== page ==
Integrating family planning and HIV services increases contraceptive knowledge and use
Countries in Sub-Saharan Africa have some of the lowest family planning use rates in the developing world. Approximately 30% of women in the region have an unmet need for family planning services and methods, which is even higher among women living with HIV. A large cluster randomized trial conducted by the UCSF Bixby Center examined if integrating family planning with HIV/AIDS services can help bridge this gap and increase the use of contraception among HIV-positive women and men. The study was a collaboration with the Kenya Medical Research Institute, and took place in Kenya's Nyanza Province.
The main study found that women who visited health sited that integrated HIV and family planning services were significantly more likely to use more effective contraceptive methods at the end of the study, compared with women who visited clinics where clients desiring contraception were referred to family planning clinics at the same facility.
In a second, study, researchers surveyed HIV-positive men and women currently in HIV care but not using highly effective methods of contraception. Over 70% thought that they or their partner would be more likely to use family planning if it were offered at the HIV clinic. The authors stress that integrating family planning into HIV care would likely have a large impact on the majority of women and men accessing HIV care and treatment. Integrating these services also would present the opportunity to involve men more actively in the contraceptive decision-making process, potentially addressing two major barriers to family planning: access to contraception and partner uncertainty or opposition.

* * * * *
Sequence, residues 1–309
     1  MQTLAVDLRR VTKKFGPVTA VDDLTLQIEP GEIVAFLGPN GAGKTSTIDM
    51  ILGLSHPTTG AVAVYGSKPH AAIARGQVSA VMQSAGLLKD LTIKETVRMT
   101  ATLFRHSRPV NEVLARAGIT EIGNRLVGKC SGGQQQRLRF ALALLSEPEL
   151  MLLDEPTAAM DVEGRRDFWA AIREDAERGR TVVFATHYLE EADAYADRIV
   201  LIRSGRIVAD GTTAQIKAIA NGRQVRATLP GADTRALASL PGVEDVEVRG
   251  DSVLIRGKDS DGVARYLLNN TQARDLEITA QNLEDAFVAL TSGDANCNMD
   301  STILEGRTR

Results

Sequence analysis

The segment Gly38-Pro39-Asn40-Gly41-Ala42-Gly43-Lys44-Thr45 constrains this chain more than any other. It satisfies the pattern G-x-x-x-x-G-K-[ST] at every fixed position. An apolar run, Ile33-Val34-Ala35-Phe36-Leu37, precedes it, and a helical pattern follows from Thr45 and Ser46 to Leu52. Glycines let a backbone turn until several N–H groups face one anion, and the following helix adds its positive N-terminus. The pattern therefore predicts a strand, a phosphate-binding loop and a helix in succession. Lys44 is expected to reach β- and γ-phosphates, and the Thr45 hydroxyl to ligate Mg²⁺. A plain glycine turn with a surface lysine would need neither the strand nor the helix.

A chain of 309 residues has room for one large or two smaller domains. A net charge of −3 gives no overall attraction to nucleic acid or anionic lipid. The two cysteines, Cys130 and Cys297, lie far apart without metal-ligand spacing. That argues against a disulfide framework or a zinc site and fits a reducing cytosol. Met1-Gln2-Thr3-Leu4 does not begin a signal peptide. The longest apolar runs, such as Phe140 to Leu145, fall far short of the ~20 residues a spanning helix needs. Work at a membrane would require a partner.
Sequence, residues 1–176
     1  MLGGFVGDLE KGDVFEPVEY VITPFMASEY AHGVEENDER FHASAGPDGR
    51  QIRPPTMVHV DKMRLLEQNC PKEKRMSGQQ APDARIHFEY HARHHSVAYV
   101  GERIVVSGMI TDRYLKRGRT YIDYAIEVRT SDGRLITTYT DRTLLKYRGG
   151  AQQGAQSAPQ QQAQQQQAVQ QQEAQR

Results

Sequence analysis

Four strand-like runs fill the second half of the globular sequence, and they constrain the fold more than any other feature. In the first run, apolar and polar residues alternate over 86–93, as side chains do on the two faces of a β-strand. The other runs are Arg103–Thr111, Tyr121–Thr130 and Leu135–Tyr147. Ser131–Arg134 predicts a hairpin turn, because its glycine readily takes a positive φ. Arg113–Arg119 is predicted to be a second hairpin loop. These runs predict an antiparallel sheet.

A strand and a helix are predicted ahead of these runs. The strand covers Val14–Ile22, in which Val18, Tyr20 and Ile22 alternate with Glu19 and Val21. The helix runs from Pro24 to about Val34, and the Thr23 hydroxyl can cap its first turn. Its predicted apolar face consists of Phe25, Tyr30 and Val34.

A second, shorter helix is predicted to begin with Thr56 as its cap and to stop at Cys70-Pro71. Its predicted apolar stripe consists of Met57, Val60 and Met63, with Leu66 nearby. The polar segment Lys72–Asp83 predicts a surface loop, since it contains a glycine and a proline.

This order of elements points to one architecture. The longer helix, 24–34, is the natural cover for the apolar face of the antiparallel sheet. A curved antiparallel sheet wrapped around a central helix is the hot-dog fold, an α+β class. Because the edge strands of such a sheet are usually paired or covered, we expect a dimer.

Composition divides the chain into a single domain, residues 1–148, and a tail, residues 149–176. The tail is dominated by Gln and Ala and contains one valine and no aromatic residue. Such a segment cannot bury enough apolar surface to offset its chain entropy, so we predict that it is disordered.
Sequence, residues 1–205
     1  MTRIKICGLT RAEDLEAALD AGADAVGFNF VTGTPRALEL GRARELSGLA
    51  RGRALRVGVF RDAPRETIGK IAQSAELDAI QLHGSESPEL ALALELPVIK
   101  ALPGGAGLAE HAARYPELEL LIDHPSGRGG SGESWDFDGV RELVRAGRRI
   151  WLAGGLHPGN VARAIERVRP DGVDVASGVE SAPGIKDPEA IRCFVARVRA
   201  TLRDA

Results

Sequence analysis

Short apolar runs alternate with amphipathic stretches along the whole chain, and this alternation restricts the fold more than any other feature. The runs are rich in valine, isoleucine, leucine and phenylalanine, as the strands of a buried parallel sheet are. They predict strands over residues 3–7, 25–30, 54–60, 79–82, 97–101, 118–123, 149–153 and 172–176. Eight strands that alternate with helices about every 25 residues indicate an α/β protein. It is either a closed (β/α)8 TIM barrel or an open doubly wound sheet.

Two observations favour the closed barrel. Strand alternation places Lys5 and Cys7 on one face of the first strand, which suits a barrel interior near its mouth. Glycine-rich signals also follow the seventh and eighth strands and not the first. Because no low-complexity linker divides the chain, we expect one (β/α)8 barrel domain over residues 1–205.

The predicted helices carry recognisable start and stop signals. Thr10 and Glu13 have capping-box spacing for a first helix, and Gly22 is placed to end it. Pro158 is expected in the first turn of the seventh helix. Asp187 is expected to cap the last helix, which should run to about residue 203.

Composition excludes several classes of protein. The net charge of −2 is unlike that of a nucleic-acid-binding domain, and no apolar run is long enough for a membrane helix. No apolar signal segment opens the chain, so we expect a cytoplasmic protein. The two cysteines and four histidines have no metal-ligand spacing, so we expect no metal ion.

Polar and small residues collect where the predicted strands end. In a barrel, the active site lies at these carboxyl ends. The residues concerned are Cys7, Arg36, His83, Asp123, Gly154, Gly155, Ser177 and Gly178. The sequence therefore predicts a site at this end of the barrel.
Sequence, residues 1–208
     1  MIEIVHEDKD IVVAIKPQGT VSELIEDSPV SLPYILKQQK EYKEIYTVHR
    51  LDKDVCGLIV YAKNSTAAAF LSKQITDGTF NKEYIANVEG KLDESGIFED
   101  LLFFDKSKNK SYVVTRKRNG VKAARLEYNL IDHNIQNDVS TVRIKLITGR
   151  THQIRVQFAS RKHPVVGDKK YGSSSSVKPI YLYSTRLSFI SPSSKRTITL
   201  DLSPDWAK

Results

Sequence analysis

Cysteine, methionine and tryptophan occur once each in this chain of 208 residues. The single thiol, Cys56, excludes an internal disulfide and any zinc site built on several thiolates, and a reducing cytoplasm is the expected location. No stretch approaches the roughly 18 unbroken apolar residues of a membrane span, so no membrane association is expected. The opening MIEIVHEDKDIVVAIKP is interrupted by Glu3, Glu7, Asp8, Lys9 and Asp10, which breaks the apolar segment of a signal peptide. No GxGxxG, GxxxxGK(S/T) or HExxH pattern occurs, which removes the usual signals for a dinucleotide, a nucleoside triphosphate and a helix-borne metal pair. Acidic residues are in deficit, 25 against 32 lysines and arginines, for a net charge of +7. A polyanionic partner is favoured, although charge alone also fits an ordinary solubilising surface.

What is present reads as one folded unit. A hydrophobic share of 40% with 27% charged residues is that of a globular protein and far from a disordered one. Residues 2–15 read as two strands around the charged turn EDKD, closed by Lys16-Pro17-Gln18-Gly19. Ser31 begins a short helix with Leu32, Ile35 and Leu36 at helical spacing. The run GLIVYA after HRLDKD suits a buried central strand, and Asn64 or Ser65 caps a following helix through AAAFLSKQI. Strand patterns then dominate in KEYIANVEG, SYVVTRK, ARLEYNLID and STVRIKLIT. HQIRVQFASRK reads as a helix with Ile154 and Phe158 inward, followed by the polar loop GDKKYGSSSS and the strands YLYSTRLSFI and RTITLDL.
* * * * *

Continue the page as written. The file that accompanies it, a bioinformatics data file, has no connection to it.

In a third study, researchers aimed to determine if community clinic health workers in rural Kenya talking with HIV-positive patients about family planning would improve contraceptive knowledge and attitudes. Following 15-minute health talks with almost 50 HIV-positive men and women, there was a significant increase in knowledge about contraceptives. Additionally, 45% of women and 33% of men intended to try a new contraceptive, suggesting that providing family planning education to patients as they wait for HIV services can increase both knowledge and intention to use contraception.
These collaborative studies reveal that integrating family planning into HIV care result in increased use of effective contraceptive methods among HIV-infected women and men. Researchers also stressed that integrating family planning and HIV services will require leadership at the community, regional, national and international levels.